These are hard and fast facts of life these days. Get used to it. I don’t care that you have a PhD in fiddle-fooling-around. You’re at risk.

re-posted with permission from ERE.net

Maureen Sharib has been a “Socratic sourcer” her entire sourcing career; from the moment she first picked up the faxed list of Silicon Valley high-tech companies that was her target list to “phone source” in 1996 to today she has instinctively followed this method of investigative sourcing using (mostly) the telephone.  She is a proponent of sourcing as a synonym for success and envisions the craft moving away from a dangerously drudgery-paced life-form existence to an exciting investigative/competitive place within organizations where practitioners co-exist within a framework of market research, human resources, and C-level future planning. She owns the phone sourcing and competitive intelligence firm TechTrak.com, Inc. You can contact her at Maureen at techtrak.com or call her at (513) 646-7306.  If she’s not on the phone she’ll pick up!


5 Comments on “What You Wish You Could Tell Candidates

  1. “Telling it like IT IS” can be “risky”/but the truth shall set you free. I am surprised there aren’t more comments yet. There will be and I am curious to hear what people have to say. So many people spend so little time honing their job seeking skills. Schools are pitiful in this regard as well. And that is sad as it is among the most critical skills one MUST have no matter what level or what age. When to people begin to focus on this area/more often than not when it is too late/they have lost their job…et.al.

  2. The Being Old paragraph is simply uncalled for. There is no “secret” anywhere. When I was 29 I placed a 62 year-old guy. Now I am 53 and I just don’t see it. I also don’t do it. It is no secret that some people do the right thing and some do not. I am often curious about the age of the person I am speaking with only so that I can speak in context but not because I give a rat’s ass about how old they are. I also do not think I have ever lost a deal with a client due to age.

    So, I guess I also have a bit of a problem with any article that has the phrase ‘most recruiters’. It’s kinda’ like being told what ‘most Americans’ want by either major type of politician.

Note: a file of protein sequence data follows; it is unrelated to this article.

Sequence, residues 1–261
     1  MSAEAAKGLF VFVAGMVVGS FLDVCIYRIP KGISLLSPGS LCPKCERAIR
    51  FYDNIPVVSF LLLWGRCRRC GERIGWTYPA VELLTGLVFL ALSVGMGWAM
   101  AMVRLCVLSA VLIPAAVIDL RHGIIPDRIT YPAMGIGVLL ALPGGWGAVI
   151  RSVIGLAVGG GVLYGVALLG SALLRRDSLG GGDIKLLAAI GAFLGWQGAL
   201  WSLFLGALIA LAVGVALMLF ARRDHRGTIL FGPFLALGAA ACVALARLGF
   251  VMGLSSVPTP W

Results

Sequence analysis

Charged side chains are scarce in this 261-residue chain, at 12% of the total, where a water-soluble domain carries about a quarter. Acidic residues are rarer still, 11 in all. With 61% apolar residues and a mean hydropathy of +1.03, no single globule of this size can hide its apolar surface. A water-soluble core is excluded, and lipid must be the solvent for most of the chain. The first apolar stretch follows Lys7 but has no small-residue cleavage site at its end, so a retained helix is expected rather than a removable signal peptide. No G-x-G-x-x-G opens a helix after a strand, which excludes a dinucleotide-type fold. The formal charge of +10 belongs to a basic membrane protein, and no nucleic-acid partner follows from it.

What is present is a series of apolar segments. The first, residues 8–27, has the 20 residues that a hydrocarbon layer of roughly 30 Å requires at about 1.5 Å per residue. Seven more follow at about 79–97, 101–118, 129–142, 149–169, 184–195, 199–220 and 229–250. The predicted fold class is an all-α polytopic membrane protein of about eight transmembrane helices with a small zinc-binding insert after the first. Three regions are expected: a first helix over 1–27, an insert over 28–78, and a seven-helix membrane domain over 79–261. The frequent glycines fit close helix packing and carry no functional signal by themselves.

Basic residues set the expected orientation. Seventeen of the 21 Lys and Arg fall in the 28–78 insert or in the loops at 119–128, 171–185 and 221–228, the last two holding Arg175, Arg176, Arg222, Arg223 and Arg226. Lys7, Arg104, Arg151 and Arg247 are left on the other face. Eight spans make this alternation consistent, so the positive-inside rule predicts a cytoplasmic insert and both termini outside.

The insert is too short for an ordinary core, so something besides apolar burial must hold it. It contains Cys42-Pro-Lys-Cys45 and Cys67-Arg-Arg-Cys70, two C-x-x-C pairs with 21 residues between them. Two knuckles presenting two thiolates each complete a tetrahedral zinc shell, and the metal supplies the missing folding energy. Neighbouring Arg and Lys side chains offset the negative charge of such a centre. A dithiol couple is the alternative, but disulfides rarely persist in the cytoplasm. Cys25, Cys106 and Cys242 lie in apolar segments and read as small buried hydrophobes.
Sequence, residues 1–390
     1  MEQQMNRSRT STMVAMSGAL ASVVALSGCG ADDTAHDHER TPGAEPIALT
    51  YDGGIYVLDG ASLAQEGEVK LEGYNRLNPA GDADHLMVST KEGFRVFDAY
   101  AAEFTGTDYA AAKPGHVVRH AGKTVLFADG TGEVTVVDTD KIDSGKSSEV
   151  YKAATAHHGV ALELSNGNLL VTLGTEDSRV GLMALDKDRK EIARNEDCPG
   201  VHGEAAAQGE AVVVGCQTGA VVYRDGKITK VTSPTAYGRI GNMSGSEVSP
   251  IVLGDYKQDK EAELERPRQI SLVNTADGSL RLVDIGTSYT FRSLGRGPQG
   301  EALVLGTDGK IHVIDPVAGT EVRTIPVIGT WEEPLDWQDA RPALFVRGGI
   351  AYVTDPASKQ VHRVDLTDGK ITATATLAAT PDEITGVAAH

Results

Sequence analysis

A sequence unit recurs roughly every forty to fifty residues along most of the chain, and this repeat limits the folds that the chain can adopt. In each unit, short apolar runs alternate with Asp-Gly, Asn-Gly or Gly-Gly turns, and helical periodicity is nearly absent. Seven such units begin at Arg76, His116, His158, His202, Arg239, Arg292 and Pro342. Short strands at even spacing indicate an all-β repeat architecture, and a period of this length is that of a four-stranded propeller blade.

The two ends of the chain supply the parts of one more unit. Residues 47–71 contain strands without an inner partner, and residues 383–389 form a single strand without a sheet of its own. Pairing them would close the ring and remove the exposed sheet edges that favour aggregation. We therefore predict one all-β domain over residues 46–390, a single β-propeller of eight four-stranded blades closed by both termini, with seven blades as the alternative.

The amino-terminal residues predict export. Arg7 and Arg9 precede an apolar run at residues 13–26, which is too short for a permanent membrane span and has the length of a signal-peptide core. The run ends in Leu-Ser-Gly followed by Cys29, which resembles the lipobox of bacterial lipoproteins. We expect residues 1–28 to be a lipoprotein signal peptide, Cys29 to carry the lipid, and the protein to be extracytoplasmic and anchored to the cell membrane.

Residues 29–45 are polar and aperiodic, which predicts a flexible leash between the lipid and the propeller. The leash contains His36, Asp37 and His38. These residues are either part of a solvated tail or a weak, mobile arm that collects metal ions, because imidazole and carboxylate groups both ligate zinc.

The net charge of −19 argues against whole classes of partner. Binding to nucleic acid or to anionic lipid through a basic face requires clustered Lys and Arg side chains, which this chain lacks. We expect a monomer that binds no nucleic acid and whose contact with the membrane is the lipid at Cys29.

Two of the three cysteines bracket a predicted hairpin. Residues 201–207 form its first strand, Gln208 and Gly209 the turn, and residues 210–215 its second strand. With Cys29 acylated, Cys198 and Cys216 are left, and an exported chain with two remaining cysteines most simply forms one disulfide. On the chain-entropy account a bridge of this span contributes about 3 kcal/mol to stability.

Bottom line…if we are doing what we are paid to do…which is to find the competition’s best people…being unemployed, crabby, immobile do work against candidates but age doesn’t. And sometimes, an unemployed,crabby,immobile old person is just what the client needs.

    Let’s leave talking about what ‘most recruiters’ do or don’t want to recruiters…

  3. If “most recruiters” aren’t giving candidates the above advice – when it’s applicable and within the parameters of the law – then that’s because “most recruiters” aren’t very good at what they do. As an Executive Recruiter with over 10 years international experience (both search and in-house) I have never shied away from having these tough conversations – however awkward it might be for me to address these issues – because that’s what I’m there to do. Yes, it takes experience and confidence to candidly explain to someone why they should consider a change of direction, for example, or that because they’ve been out of work for 12+ months it’s going to be even tougher for them to find a job compared to some of their competition – but if it’s not our responsibility, as professionals in this field, to tell candidates what might hinder their chances of securing a new job and what they can do to improve their chances of obtaining a new opportunity, then who’s is it? And what are we being paid to do? Knowledge = power and I speak from first hand experience when I say candidates don’t forget you when you empower them by giving them constructive feedback…

  4. Nice way to start a conversation Maureen – way off base. It’s a good way to bring in people who know what they’re talking about….

    I think it’s easy to see the difference between sourcers and recruiters here. While I know you may bump into the “real work” from time to time – a few of your points are just plain wrong.

    Old people don’t get placed? That’s news to me – and all the old people I’ve placed over my career. I’d venture to say a high percentage of my placements involve “old people”…..

    Unemployed? Thank goodness I can take a look at the larger picture. Along with the old people – I’ve placed quite a few unemployed as well. I can see why you might think them to be less than desirable though. They’re often rather easy to locate.

    Perhaps I’ll start a new company all together: Unemployed Old People Staffing Co. Think it’ll fly?